Seymour Hersh's Wild Attack on the Military and Neocons
Seymour Hersh has always had a gift for stirring up controversy. But his latest remarks in Doha, Qatar alleging that the American military is run by Christian fundamentalist "crusaders" are undermining his reputation as a leading investigative journalist. Hersh himself appears to see a conspiracy, led by neoconservatives in league with members of the Knights of Malta, who, he wrongly says include Gen. Stanley A. McChrystal, to convert the Muslim world to Christian values.
Hersh, of course, is entitled to spin whatever theories he likes. But it is doubly unfortunate that Hersh would ventilate half-baked theories about the American military and neocons in a talk in Qatar. The Arab world is already swirling with conspiracy theories about American and Jewish influence in foreign affairs. It doesn't need fresh ones from American journalists.
As the Washington Post reports,
Neoconservative advisers to President George W. Bush took the attitude that "'we're gonna change mosques into cathedrals,'" Hersh, a writer for the New Yorker magazine, said in the speech. "That's an attitude that pervades, I'm here to say, a large percentage of the Joint Special Operations Command." The command is the part of the military focused on targeted missions to kill enemy leaders, primarily in Afghanistan and Iraq. Its operations are almost always secret.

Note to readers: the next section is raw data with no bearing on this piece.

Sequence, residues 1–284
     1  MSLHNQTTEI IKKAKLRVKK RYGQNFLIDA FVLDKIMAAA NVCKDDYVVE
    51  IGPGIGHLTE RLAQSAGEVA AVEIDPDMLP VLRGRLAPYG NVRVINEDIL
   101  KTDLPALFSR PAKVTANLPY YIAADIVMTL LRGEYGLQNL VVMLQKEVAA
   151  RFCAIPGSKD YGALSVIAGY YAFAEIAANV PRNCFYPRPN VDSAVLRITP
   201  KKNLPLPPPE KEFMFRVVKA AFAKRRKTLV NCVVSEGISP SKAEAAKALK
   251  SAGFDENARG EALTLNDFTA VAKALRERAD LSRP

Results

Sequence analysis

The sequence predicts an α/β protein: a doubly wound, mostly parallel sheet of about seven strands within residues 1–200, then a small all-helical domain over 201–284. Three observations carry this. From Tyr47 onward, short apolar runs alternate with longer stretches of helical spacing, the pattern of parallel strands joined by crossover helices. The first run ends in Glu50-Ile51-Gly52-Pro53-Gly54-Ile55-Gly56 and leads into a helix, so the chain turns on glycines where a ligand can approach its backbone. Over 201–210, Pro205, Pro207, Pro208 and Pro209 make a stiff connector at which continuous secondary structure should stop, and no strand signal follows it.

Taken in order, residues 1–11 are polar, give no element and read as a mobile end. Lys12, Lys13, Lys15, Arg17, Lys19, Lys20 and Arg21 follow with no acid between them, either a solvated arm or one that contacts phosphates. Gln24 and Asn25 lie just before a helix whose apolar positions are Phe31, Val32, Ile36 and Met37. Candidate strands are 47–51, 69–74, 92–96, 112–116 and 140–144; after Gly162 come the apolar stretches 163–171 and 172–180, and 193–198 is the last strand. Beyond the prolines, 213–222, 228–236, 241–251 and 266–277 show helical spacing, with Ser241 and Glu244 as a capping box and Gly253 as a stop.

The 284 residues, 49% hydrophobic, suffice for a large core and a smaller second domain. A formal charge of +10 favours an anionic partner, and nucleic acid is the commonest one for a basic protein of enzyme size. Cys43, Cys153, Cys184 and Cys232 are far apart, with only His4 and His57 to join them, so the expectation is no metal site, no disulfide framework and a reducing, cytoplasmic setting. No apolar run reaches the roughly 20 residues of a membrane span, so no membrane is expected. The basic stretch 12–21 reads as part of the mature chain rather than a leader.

He added: "This is not an atypical attitude among some military—it's a crusade, literally. They see themselves as the protectors of the Christians. They're protecting them from the Muslims [as in] the 13th century. And this is their function."
Far be it from me to downplay the influence of the neocons, but I'm afraid that in this instance Hersh, the exposer of conspiracies, is seeing ghosts. There is no evidence that the military leadership is filled with fundamentalist Christians. It's not clear, either, why the Knights of Malta would attract Hersh's ire. It's primarily a charitable organization, focused on helping provide medical assistance in places like Namibia. Or is that just a smokescreen for neocon influence?
Hersh goes on to declare about President Obama that "Just when we need an angry black man, we didn't get one."
So Obama is supposed to conform to a stereotype of black men. Can you imagine anything more patronizing?
The most intriguing revelation is that Hersh himself says that he's working on a book about the neocons. Another book about neocons! Soon there will be more volumes about the movement than there are neocons.
Hersh has long been a thorn in the side of the neocons. He broke enormously influential stories about the Pentagon and neocon influence during the George W. Bush administration. But now he seems to be once more trying to squeeze the neocon lemon for a fresh story when it's already gone dry.